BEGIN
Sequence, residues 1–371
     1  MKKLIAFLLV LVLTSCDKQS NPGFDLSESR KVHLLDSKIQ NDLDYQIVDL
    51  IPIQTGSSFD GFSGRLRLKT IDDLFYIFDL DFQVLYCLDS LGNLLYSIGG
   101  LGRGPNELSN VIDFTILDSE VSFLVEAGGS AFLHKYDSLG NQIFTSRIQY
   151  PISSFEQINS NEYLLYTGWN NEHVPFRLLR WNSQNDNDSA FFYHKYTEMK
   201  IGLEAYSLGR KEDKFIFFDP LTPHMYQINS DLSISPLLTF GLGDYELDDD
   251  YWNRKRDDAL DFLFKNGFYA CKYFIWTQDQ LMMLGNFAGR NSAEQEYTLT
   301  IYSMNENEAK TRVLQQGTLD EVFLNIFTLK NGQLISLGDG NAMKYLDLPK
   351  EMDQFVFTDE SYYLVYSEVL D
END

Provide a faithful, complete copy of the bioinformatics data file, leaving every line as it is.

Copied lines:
Sequence, residues 1–371
     1  MKKLIAFLLV LVLTSCDKQS NPGFDLSESR KVHLLDSKIQ NDLDYQIVDL
    51  IPIQTGSSFD GFSGRLRLKT IDDLFYIFDL DFQVLYCLDS LGNLLYSIGG
   101  LGRGPNELSN VIDFTILDSE VSFLVEAGGS AFLHKYDSLG NQIFTSRIQY
   151  PISSFEQINS NEYLLYTGWN NEHVPFRLLR WNSQNDNDSA FFYHKYTEMK
   201  IGLEAYSLGR KEDKFIFFDP LTPHMYQINS DLSISPLLTF GLGDYELDDD
   251  YWNRKRDDAL DFLFKNGFYA CKYFIWTQDQ LMMLGNFAGR NSAEQEYTLT
   301  IYSMNENEAK TRVLQQGTLD EVFLNIFTLK NGQLISLGDG NAMKYLDLPK
   351  EMDQFVFTDE SYYLVYSEVL D